SF Chronicle Reviews Humanity Today

“Humanity Today,” the Jenkins Johnson Gallery’s latest exhibition, wants people to talk and think and question the world in 2017. The exhibition title itself, open for interpretation, posits the question: What do you, the viewer, believe is the state of humanity today?


The show opened last month and runs through Saturday, March 11. An eclectic collection of seven international artists’ works, “Humanity Today” asks its viewers to consider polarizing, contentious issues such as race, class and gender.


The pieces on display were chosen by Karen Jenkins Johnson, gallery founder and director, for their capacity to spark timely parallels between past and present-day political conversations.


“I wanted this show to evoke discussion about compassion for our fellow man, just to get people thinking about what’s happening globally,” Jenkins Johnson said. “This is a critical time, and the artwork in this show reflects it across the board.”


“Humanity Today” addresses historic events such as the civil rights movement, post-apartheid South Africa and the United States’ isolation of Cuba, and places them in conversation with current events.


On view in the exhibition, Gordon Parks’ images from the civil rights era in 1960s America capture crowds at iconic gatherings like the March on Washington for Jobs and Freedom, and Harlem’s Black Muslim Rally. Jenkins Johnson found that these images from half a century ago were all too familiar in 2017.


“The protests going on after the election in Seattle, Chicago, Los Angeles, San Francisco and other places … the Gordon Parks images from 1963 are eerily reflective of that,” she said. “So really, how far have we come?”


“Humanity Today” reflects on historic strides made toward social progress. But more importantly, as conversations about immigration restrictions and border walls, police brutality, President Trump’s Muslim ban, and the debate on transgender bathroom protections dominate our news cycle, this exhibition tries to emphasize the work yet to be done to reach true equality and inclusion in modern society. This reality is present in every piece in this show, and deliberately so.


“It is the responsibility of the artist to reflect what’s currently happening in society,” Jenkins Johnson said. “We as gallerists must allow our artists to do that.”


Parks’ work is chronologically complemented by that of Sadie Barnette, whose discovery of a FBI surveillance file on her father — 500 pages on his work as a founding member of the Black Panther Party’s Compton (Los Angeles County) chapter more than 50 years ago — led to a series of mixed media installations dissecting the relationship between government and grassroots activism. Puerto Rican-born Carlos Javier Ortiz’s 2014 film and photography project, “We All We Got,” captures the deadly effects of gun violence on marginalized youth of color across America, rounding out one of the many narratives in this exhibition inspired by Parks’ images.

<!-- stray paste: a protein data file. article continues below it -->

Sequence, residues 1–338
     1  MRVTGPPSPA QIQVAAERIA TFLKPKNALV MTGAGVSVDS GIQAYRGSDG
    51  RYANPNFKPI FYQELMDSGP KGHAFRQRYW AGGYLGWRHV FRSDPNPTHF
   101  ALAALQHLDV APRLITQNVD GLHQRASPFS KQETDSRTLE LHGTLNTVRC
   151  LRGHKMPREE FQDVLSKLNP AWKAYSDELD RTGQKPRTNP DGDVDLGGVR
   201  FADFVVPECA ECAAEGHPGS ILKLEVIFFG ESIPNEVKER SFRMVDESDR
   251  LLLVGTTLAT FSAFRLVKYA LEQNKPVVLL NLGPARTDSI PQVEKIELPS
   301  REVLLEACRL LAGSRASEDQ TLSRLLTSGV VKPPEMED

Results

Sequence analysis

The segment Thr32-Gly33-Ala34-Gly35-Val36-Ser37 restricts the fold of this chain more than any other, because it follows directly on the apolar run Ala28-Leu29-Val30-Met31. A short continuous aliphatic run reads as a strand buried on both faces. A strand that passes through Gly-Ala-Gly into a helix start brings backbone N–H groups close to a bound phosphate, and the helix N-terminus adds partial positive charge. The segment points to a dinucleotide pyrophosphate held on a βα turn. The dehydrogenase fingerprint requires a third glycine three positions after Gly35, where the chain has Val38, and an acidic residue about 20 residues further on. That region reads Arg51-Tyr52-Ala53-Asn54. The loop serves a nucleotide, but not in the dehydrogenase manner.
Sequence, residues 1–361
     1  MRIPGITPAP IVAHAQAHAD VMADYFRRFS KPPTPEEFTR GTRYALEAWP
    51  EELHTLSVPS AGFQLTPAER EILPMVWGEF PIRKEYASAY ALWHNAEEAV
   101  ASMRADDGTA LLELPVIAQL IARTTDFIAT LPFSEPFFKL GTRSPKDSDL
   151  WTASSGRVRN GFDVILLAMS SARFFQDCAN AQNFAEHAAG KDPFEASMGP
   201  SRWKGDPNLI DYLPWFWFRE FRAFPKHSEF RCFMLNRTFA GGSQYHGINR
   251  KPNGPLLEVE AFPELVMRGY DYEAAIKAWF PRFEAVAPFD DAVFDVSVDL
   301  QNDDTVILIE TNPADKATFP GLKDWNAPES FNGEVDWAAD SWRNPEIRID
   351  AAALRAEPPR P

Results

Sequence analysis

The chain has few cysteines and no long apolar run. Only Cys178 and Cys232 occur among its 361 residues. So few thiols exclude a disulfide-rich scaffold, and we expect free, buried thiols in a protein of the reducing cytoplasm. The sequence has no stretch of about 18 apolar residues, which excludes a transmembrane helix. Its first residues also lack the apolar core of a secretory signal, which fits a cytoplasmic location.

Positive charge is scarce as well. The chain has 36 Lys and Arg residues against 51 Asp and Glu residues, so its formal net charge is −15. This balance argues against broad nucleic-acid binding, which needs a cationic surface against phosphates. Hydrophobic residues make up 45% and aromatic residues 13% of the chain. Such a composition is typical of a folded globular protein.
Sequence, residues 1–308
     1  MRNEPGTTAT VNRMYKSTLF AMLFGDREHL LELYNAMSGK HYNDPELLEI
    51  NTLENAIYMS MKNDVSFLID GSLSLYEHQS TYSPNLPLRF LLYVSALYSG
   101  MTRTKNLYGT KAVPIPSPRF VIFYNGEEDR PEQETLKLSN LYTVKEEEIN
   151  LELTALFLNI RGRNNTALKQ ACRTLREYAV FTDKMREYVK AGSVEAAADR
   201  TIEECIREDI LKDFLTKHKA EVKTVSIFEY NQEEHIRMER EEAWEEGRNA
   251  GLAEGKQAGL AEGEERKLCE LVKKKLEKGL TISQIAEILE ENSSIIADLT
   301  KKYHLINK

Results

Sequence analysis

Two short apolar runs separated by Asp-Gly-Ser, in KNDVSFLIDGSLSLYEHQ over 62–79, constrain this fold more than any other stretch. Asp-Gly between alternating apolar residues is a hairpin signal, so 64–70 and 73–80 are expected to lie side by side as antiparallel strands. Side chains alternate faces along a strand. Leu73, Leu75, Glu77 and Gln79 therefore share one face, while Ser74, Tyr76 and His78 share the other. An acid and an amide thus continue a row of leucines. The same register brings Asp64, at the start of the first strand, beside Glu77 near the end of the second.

While these works primarily analyze politics and race relations within the United States, Jenkins Johnson stresses the significance of the exhibition’s international scope.


“This is not something that is happening domestically, it’s happening globally,” she said. “The same cries are being heard throughout the world.”


As in the United States, artists across the globe have heard these cries and reacted through their craft, also on display in “Humanity Today.”


Employing photography as their chosen medium, Aida Muluneh and Lissette Solorzano take vividly different stylistic approaches — posed, body-painted portraiture and candid documentary photography — to capture class, gender and national identity in their home countries (the artists are based in Ethiopia and Cuba, respectively).


The exhibition further explores the concept of identity in the mixed media works of Nigerian artist Victor Ehikhamenor and South African-born Blessing Ngobeni, who push against narratives of equality in post-apartheid South Africa by exposing discrepancies between the growing number of people living in poverty and the country’s sociopolitical elite.


Jenkins Johnson believes this is what art is for: to challenge people, to keep us from becoming complacent in today’s politically turbulent times.


“This is precisely the time when artists go to work,” she said. “There’s no time for despair, no place for self-pity, no need for silence, no room for fear. We speak, we write, we create. This is how civilizations heal.”